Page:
Drowning is a real threat, especially for young children. However, you can also be poisoned by the chemicals in it. Nearly 5,000 people were sent to the emergency room last year due to chemical poisoning from over-treated pools, according to the Centers for Disease Control (CDC).
Why? Pool chemicals can lead to chronic overexposure to certain toxins, especially in hot tubs, where the water is vaporized and inhaled. Hot tubs also open up your pores, allowing chemicals to seep directly into your body.
To stay safer, follow CDC recommendations for treating your pool, or use an ionization system to clean the pool while avoiding most chemicals.
Pesticides and other chemicals in grass can rub into your skin (and your children’s, and your pets’). It can also contaminate your water supply.
The problem? Exposure to pesticides has been linked to increased cancer, as well as the disruption of hormones that could cause thyroid problems or infertility.
The solution? Investigate pesticide-alternatives, for a healthy lawn and a healthy you.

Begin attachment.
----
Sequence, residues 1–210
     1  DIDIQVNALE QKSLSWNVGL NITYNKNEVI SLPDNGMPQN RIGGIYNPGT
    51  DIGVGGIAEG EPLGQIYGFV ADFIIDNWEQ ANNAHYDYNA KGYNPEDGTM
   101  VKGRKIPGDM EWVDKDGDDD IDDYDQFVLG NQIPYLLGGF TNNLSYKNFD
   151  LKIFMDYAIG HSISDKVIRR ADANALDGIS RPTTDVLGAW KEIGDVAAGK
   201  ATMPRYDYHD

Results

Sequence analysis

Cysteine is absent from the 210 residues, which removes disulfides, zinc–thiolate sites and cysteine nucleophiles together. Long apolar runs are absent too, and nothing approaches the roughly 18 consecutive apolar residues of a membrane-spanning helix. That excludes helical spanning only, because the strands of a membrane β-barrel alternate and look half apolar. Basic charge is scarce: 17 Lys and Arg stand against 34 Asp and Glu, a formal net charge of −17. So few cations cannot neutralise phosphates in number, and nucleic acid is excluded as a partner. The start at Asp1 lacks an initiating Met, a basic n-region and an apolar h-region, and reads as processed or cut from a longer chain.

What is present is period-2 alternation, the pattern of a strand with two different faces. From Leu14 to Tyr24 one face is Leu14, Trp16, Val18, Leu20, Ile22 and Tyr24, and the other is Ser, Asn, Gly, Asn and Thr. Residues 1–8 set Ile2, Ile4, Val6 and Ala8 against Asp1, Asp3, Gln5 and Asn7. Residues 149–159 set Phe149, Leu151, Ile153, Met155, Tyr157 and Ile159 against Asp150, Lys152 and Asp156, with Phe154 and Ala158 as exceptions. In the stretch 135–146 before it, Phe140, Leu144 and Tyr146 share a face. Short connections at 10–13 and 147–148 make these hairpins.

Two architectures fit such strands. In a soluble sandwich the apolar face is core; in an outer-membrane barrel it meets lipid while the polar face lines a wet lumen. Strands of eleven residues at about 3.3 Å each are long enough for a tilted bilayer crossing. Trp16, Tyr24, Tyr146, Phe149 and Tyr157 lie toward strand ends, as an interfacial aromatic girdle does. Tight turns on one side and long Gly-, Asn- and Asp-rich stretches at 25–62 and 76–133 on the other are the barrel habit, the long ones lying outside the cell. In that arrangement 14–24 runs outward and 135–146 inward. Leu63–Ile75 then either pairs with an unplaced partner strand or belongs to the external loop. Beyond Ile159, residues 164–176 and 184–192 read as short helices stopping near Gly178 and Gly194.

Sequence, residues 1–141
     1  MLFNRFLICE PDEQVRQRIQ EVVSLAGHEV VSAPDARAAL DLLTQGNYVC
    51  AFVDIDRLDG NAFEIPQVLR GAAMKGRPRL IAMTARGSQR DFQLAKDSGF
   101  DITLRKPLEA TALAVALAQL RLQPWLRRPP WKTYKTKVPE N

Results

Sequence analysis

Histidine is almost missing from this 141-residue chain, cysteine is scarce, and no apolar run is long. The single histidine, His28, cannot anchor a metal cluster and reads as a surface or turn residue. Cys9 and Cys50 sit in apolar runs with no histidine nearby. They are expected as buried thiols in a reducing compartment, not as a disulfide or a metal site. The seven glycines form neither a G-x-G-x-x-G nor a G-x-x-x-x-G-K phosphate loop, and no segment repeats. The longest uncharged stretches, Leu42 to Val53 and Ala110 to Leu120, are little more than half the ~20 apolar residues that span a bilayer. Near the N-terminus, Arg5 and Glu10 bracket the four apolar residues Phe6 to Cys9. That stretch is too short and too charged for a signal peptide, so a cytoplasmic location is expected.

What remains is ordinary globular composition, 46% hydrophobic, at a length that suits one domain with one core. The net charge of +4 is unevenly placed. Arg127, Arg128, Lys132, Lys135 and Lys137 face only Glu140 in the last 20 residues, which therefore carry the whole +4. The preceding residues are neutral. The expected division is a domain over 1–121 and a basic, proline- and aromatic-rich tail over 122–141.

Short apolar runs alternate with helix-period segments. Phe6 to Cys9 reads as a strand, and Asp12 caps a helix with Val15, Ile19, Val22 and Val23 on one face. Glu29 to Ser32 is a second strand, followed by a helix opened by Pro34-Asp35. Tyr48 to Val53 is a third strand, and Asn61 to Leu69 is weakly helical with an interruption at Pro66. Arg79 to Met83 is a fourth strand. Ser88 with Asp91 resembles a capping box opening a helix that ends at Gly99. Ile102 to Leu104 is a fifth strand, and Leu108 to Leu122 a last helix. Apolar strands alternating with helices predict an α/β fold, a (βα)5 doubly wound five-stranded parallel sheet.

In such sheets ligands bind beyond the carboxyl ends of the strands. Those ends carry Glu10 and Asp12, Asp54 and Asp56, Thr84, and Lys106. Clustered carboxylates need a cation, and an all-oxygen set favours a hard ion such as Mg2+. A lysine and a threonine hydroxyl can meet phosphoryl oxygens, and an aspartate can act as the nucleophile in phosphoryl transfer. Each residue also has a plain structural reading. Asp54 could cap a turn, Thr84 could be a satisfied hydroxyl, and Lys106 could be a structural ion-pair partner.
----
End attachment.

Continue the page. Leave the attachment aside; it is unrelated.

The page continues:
Decks that aren’t regularly water-proofed can lead to warped wood and an increased risk of falls.
Inspect your deck every spring, and look for splits and cracks. Also, pay extra attention to the ledger board, which is the place where the deck attaches to the house — it can often be very susceptible to water damage. Inspect your deck for splits and cracks, as these are signs that moisture has gotten in.
Even the smallest amount of standing water can make mosquitoes feel welcome. When this happens, say hello to itchy bites—and even infections such as West Nile virus. Regularly check any water containers in your backyard, including buckets and plastic covers, and dump any water you find in there. Also change the water in birdbaths and fountains regularly.
Grills can be fire hazards in a number of ways:
Not disposing of warm coals safely. Soak warm coals in cold water, and then place them in a noncombustible metal can for safe disposal.
Choosing the wrong spot to set your grill. According to the National Fire Protection Association, charcoal grills next to combustibles, such as wooden decks, the side of your house, plants and tree branches, are leading causes of BBQ fires.
Scattering ash residue on grass. Dispose of grill-related trash immediately in appropriate, noncombustible containers.